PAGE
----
Désolé, cet article est seulement disponible en anglais: Mentor Talk: Lynn Hughes, Technoculture, Art and Games (TAG) Research Centre, Concordia University
Lynn Hughes is one of the co-founders of the TAG lab, and she studies contemporary game culture. Coming from a background of artistic practice and the history and philosophy of science, Lynn sees game culture as a range of contexts for design, spanning from large commercial game production to single-author art games. One of the key characteristics of this culture is that it is post-cinematic: the computer has replaced the camera as the technology of production. While, over time, this has spurred on an increasing systematization of production, it has also meant increased interactivity, and in recent years, increased democratization of the means of production as well as distribution.
Lynn’s particular interest is in games that do not necessarily centre on a screen. Games that destabilize the centrality of vision and use other kinesthetic senses tend to be more interpersonal, creating spaces for play with other bodies. These spaces still follow the basic form of a game, that is, a designed space that leaves room for player improvisation, but they challenge some prevailing stereotypes about game culture and the status of games as “art”.
Some examples of these types of games can be found in the exhibit Joue le jeu, held last summer at La Gaïté Lyrique in Paris. Lynn was one of the curators of the show, and explained how certain pieces were commissioned for the space, as well as how they worked in the exhibit. Other examples that Lynn shared were the games by Johann Sebastian Joust, the TAG game Propinquity, and the game culture created by Babycastles.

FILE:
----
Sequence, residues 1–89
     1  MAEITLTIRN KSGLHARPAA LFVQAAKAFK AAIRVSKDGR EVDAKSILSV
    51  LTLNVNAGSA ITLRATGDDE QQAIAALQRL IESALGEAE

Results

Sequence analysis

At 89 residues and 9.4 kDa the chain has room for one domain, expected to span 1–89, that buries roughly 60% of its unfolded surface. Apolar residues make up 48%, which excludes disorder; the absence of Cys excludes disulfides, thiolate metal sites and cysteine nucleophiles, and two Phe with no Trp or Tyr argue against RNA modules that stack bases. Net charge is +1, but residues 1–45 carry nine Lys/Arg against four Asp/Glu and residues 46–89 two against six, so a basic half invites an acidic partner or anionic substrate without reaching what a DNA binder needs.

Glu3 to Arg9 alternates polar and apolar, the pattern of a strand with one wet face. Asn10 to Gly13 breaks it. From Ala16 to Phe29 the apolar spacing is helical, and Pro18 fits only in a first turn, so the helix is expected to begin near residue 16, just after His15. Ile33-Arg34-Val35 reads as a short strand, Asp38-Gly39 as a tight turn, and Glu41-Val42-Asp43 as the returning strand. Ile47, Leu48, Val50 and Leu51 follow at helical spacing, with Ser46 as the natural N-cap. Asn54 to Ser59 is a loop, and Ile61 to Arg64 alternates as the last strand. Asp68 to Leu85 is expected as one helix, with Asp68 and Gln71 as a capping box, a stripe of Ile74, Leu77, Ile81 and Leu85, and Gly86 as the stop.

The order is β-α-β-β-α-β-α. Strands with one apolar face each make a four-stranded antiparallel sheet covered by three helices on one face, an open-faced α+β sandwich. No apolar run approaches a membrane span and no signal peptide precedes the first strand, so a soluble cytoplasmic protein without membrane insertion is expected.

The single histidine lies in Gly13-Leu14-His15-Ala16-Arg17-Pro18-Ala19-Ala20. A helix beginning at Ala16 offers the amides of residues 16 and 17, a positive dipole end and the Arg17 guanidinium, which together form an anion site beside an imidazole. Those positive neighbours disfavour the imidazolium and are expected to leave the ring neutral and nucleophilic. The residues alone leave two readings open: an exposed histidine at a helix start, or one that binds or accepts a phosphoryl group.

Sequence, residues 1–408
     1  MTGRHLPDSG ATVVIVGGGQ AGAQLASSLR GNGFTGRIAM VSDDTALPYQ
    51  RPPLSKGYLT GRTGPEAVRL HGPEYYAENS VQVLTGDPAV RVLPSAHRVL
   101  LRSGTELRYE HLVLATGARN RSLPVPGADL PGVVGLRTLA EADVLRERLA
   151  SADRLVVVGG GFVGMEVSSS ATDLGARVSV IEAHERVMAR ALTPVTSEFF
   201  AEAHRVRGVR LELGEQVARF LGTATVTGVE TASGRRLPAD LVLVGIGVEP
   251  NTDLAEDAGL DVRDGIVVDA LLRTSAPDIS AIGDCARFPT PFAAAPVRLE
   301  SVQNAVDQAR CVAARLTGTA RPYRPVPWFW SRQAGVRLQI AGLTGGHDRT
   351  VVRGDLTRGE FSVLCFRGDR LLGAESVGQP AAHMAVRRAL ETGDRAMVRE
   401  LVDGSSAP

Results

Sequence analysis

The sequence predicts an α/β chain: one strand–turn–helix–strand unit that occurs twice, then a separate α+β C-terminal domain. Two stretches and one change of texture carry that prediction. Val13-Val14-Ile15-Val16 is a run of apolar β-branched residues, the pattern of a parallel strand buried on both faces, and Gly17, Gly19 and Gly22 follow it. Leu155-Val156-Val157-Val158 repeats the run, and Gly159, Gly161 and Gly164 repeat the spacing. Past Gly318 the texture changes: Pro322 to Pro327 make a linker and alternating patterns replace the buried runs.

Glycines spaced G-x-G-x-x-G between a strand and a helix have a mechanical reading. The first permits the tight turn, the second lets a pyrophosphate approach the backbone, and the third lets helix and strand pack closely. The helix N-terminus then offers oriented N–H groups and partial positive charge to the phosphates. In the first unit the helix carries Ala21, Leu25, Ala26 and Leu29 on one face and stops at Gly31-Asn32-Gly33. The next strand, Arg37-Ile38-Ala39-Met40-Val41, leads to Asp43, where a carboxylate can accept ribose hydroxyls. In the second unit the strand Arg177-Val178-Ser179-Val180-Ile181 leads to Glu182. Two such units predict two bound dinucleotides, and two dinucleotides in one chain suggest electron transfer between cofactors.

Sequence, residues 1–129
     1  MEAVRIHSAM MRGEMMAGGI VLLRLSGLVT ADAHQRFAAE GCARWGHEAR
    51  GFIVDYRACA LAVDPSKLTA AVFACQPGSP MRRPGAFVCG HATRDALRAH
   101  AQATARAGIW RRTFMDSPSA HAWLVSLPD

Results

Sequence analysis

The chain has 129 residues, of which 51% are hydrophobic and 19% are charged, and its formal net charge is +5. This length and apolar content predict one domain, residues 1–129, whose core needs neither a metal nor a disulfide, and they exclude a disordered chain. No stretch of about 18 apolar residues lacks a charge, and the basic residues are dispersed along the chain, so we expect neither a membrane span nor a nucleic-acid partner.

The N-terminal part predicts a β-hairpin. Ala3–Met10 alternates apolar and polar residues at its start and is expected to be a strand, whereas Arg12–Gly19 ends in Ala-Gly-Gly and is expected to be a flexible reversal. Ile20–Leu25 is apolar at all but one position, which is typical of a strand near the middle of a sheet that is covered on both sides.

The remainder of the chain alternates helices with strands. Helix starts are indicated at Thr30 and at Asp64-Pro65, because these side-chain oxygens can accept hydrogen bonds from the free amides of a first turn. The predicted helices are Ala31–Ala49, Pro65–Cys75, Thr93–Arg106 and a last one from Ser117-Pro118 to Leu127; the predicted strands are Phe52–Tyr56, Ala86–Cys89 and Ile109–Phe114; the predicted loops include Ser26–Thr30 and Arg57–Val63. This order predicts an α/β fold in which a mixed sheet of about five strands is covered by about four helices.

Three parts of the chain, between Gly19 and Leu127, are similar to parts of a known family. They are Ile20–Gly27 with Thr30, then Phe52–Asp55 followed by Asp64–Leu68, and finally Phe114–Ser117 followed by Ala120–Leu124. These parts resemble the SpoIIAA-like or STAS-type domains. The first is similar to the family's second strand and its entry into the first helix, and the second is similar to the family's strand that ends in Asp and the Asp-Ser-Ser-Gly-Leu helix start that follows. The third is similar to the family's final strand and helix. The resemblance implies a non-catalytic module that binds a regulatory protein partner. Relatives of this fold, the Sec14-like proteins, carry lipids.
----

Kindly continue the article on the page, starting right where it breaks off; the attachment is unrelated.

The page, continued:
Prototyping means putting together a working version of the essential elements of your game in order to convey an instant of fun. Based on your game concept document, the key elements included in the prototype should be the essential actions and mechanics of play. The prototype will allow you to test out the game play and communicate to a player what is fun about your game.
Little Big Planet prototype
Some examples of prototypes for well-known games:
Your prototype will be simpler than these, but the basic idea is the same: to capture the fun of your game. It doesn’t need to be pretty, although sometimes it helps to have a “juicy” element to draw people in. The main idea is to allow you to try out the game mechanics – which also means that you should keep an open mind at the prototype stage. Don’t be afraid to change things up if your prototype results in unanticipated consequences. Also don’t be afraid to start again from scratch after you’ve made a prototype – often you will learn a lot from prototyping so that the next time around, making your game will go much more smoothly.
Bonus links: Chris Hecker’s Advanced Prototyping and Prototyping, You’re (Probably) Doing it Wrong
Make a working prototype of your game: it should include the essential characters, items and controls, and some elements of the environment. The main objective is to be able to try out the gameplay.
The specifics for this week’s homework were determined individually and varied by participant, but the basic elements tended to look something like:
- Make a character move around in a world.
- Make something happen when you run into an enemy character, or when you press a button, or when you click somewhere (depends on the game type).
- Create one proper, representative art asset (example: a player character sprite or background image). This element should be up to a beta quality: not final, but indicative of the overall style.
The homework assignment thus depends heavily on the game type. For a game primarily about challenge and skill, the level design is more important, for example. The goal at the end is to have a very short/small play area that suggests the core gameplay. If you are a Follow-Along participant and you’d like to get an individualized homework assignment, just send your concept document and whatever you have so far on your game to firstname.lastname@example.org.
Don’t hesitate to send us any questions, ask for feedback, or bounce ideas. We love your e-mails and tweets! We are: email@example.com or @pixellesmtl
Next Week: Art and sound….